Since appreciating the light of present truth and endeavoring to walk in it I have been much restrained in my reading, and have several times been forbidden to attend any meetings held, or to hold any communications with any of the dear brethren.
For a while I quietly submitted and never had any reading matter around, except the Bible, when my husband came home. Then I grew bolder, and began to leave a tract about again. But each attack was worse, and finally my husband said: "If I see any more of those books or tracts about I'll burn them." My son has a Leeser, a Diaglott, etc.; they as well as the "Dawns," were all taken care of by my oldest son who is not in the truth.
I find I must read the "Dawns"; they are more to me than my daily food, yet when I surreptitiously get one and am reading, I tremble and hide it if I hear a footfall. I am not happy, especially since it was shown to me that we should obey God, rather than man. Ought I to obey my husband [R3089 : page 303] in this, seeing that Christ is my Head? I feel like a coward in this.
Your favor of the 22nd is before me. I am glad that you have expressed yourself freely, and am glad to note that you have the spirit of a sound mind on this important subject. Your husband, probably a strong-minded man, has not fully recognized to what extent his attitude toward you on this subject is unreasonable and tyrannical. We are fully in sympathy with the Scriptural injunction that wives should obey their husbands; but this does not, as you have perceived, imply that the wife should obey her husband in matters contrary to the admonitions of the heavenly Bridegroom. No reasonable earthly husband will make such requirements, and we will trust that yours will consider the matter differently ere long. He will be helped, however, in seeing the right way by your kind and loving treatment of him, and your earnest endeavor to please him in all legitimate and proper ways, but by your positiveness, your firm decision and resolute conduct in the matters which appertain to your proper liberties of conscience. I would readily agree to keep my books and papers out of sight during my husband's presence in the home; but I would neither agree not to think nor to read, nor would I agree to absent myself from the meetings of those of like precious faith.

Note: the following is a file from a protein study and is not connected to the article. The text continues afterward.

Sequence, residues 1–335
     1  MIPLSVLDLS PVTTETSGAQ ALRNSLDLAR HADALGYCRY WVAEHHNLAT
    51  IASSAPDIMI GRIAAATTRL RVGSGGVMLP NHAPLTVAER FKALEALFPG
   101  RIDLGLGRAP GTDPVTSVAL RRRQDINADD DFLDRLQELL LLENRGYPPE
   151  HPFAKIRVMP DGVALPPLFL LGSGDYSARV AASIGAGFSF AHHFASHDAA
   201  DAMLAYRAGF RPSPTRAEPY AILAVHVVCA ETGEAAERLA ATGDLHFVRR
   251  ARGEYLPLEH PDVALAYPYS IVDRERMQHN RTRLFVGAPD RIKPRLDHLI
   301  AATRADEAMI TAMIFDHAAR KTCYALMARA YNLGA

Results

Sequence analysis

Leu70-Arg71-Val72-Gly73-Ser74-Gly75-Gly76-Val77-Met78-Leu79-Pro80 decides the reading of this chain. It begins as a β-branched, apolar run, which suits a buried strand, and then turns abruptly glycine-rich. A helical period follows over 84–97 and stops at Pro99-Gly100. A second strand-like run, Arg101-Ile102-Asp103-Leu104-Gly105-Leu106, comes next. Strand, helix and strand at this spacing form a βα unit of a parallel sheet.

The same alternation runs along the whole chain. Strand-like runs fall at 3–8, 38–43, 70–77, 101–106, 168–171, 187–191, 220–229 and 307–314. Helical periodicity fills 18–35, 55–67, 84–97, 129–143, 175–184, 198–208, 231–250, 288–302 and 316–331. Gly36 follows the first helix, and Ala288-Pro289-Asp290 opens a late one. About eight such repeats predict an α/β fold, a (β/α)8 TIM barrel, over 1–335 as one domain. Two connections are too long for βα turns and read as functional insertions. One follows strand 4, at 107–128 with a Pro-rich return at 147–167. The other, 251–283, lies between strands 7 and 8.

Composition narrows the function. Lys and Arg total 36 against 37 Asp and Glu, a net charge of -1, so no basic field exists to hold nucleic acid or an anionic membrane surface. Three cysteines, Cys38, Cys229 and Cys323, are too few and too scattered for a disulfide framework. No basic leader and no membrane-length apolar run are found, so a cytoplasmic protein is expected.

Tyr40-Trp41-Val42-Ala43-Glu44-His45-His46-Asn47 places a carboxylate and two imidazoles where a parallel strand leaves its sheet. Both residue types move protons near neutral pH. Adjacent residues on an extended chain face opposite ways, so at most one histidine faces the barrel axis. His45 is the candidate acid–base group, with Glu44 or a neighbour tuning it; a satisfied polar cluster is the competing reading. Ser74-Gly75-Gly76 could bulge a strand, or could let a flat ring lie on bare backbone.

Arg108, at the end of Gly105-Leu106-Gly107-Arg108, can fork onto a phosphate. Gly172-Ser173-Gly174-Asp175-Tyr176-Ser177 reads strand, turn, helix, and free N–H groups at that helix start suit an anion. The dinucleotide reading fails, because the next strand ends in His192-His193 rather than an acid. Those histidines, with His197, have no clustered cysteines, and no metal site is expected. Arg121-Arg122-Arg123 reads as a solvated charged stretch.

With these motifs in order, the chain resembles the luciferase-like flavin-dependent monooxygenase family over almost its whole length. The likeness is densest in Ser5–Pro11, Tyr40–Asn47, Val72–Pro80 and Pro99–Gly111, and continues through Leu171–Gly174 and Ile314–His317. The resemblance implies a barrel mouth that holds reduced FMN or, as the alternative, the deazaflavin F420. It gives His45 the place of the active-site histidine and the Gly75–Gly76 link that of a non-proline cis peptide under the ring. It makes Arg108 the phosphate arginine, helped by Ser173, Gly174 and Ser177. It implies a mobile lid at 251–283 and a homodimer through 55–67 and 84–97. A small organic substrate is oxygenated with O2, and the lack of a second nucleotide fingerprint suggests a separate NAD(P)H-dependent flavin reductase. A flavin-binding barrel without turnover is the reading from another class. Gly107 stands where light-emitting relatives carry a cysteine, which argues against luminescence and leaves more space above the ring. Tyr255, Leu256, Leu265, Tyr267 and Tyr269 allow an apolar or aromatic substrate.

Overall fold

I would tell my husband plainly that it is our duty to obey the heavenly Bridegroom first, and that when he says "Forget not the assembling of yourselves together," I considered it duty to follow that admonition at any cost; that I hoped this would appeal to him as a reasonable and correct course; that I had no thought of neglecting legitimate, proper, home obligations and duties toward him, and the other members of my family, but would be as faithful or more faithful, than if under the influence of any other than my present convictions. I would tell him that this much liberty at least was thoroughly understood by me when entering the marriage relationship; that if in his marriage vows he did not intend to accord liberties of conscience he had misled and deceived me, and that in any event I would not submit to that kind of bondage, and that the quicker the matter was decided the better; that under no circumstances or conditions would I move one iota from this position, so long as I considered that my position was according to the will of the Lord; that if this led to any breach between us the fault and the change were certainly on his side, as I had never given away my liberty of conscience and never intended to do so, and would not ask him to violate his; that I believed that my view of this would not only stand the test of the Scriptures but also of all men and women possessed of sound common sense.
In harmony with this I would assure my husband that the truth, so far from making me less careful of his interests and my obligations as a wife, should make me more careful; and that I believed that if he took a right view and stand upon the subject, as I was determined to do, it would mean an increase of blessing to us both and to the household.
If after a reasonable season of patient, loving remonstrance against such attempts to fetter my conscience there was no change for the better, I would consider that I had been deserted by my husband;—that he had ceased to be a husband and become an oppressor and was not treating me as even a slave might hope to be treated in respect to his or her conscientious convictions. Taking the matter to the Lord I should look for relief—for the liberty wherewith Christ makes free. Not liberty to remarry, however; indeed even aside from the divine law making marriage perpetual (except upon one condition—Matt. 19:9) such an experience should be sufficient for anybody.
Question.—When and how did the class that fails to keep its consecration get "before the throne"? I understand that this class is to pass through the tribulation and "wash its robes and make them white in the blood of the lamb."
Answer.—This class seems to be located most particularly at the present time—altho there may have been some throughout this age, who, because of failure voluntarily to suffer, have been forced to suffer either with Christ in tribulation experiences, or to deny him and thus be condemned to the Second Death. In the tribulation time which will follow the Church's glorification we anticipate crucial tests upon all the Lord's true people, and faithfulness then will mean "great tribulation" ending in death, which to these will signify change to spiritual conditions. On the other hand failure to meet the trials devotedly will mean full, intelligent rejection of Christ, and will bring the full penalty of such a course; viz., Second Death.